Top 3 Training Tips Figure Skaters Can Learn from Olympic Gold Medalist Evan Lysacek

Evan Lysacek during his Olympic long program. (Photo by Liz Chastney)

Evan Lysacek during his Olympic long program. (Photo by Liz Chastney)

The 2010 Olympic men’s gold medalist has been a role model for a long time.  As the 2009 World champion, Evan was already used to performing on a large stage.  Evan’s performance with two clean programs at the 2010 Olympics gave him the distinction of being the first American man to win the Olympics as the reigning World champion since Scott Hamilton in 1984.  Evan’s success is obviously not a fluke, and figure skaters can learn important training tips from Evan’s example:

1.  Hard work pays off.

Everything I’ve heard about Evan mentions his intense work ethic and drive.  He dedicates much of his time to being in peak physical and mental condition.  On occasion,  his coach, Frank Carol, has told Evan to stop running his program so many times.  His hard work really paid off when he became the first American man to win an Olympic gold medal since Brian Boitano in 1988.  Evan is celebrating his success by purchasing an Aston Martin DB9!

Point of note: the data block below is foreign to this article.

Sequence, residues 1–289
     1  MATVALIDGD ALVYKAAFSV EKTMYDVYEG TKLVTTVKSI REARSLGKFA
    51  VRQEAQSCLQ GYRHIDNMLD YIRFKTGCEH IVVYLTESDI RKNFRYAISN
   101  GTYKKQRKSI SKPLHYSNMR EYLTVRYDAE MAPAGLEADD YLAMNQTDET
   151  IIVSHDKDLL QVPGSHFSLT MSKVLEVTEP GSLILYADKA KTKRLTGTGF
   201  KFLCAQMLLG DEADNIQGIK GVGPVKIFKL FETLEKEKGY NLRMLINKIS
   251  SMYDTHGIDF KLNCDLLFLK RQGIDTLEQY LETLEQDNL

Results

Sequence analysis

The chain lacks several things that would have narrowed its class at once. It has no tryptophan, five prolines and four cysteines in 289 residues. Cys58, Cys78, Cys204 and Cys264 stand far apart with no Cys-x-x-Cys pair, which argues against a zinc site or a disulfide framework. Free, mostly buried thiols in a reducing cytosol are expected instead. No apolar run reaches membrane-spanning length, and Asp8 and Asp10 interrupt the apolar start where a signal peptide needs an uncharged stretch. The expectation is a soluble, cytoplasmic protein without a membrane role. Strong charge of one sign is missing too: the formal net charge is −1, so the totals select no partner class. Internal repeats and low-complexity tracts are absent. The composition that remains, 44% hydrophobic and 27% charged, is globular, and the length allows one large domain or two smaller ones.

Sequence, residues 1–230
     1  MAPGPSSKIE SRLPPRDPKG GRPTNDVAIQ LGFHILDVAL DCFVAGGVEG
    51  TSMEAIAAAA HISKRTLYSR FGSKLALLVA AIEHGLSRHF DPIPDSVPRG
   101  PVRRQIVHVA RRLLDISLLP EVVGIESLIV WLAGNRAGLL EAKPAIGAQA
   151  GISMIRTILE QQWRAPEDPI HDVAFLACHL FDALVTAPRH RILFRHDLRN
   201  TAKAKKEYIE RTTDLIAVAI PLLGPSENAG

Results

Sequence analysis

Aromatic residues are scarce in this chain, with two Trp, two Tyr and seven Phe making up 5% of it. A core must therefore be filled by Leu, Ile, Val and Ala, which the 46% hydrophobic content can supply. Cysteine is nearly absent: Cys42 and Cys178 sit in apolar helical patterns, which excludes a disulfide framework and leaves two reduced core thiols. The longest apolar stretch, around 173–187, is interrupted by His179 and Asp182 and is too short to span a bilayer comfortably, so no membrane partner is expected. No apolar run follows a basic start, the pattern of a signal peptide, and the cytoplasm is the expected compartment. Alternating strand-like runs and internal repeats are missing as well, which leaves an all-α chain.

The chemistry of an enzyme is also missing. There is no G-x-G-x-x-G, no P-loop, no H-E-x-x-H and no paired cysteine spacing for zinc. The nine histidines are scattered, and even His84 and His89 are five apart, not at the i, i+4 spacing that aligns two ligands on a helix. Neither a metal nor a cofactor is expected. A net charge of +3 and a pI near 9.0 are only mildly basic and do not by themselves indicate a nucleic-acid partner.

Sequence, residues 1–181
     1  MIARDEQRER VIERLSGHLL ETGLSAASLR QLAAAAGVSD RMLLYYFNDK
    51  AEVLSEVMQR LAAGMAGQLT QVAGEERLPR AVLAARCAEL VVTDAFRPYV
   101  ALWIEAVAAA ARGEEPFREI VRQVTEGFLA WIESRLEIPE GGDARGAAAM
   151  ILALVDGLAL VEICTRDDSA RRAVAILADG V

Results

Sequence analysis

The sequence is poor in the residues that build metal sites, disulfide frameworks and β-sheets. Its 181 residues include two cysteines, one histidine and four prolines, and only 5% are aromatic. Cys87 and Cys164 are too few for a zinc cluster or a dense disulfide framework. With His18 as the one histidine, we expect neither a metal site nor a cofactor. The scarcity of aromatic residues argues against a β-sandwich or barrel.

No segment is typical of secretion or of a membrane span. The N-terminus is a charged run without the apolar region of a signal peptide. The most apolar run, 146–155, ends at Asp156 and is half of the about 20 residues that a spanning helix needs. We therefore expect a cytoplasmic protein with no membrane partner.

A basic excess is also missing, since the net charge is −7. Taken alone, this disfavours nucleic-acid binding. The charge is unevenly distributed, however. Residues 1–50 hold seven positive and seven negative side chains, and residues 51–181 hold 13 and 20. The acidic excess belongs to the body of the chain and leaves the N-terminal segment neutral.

2.  Focus on every aspect of your skating.

Evan has worked hard to develop his overall skating skills.  Not only is he a strong jumper, but Evan’s spins, jumps, footwork, and artistry help him be one of the best male skaters in the world.  Even though Evgeni Plushenko, the gold-medal favorite going into the Olympics, landed his quad in both the short and long programs, Evan topped his score because of a stronger overall long program.

Evan Lysacek after receiving his Olympic gold medal. (Photo by Liz Chastney)

Evan Lysacek after receiving his Olympic gold medal. (Photo by Liz Chastney)

3.  Nice guys do finish first.

Evan has a good reputation for being a nice person and shows humility even though he is now the reigning World and Olympic men’s champion.  He graciously handled the debate about why he won the Olympics without a quadruple jump in his program.  He defended the entire men’s field in his response to Plushenko’s heated opposition after the event:

Nobody likes to lose. . . . Plushenko is a great guy, a great skater. I’ve admired him for years. I thought he did an outstanding job . . . For him to discredit the field, though, that’s not right. It’s probably the strongest men’s field there’s ever been, and I was honored to be in the field.

I guess I was a little disappointed that someone who is my role model would take a hit at me in what is probably one of the most special moments of my life.

Evan’s qualities as Olympic champion are important qualitities to have, not just as a skater but as a person.  What do you find to be Evan’s most inspiring quality?

March 2, 2010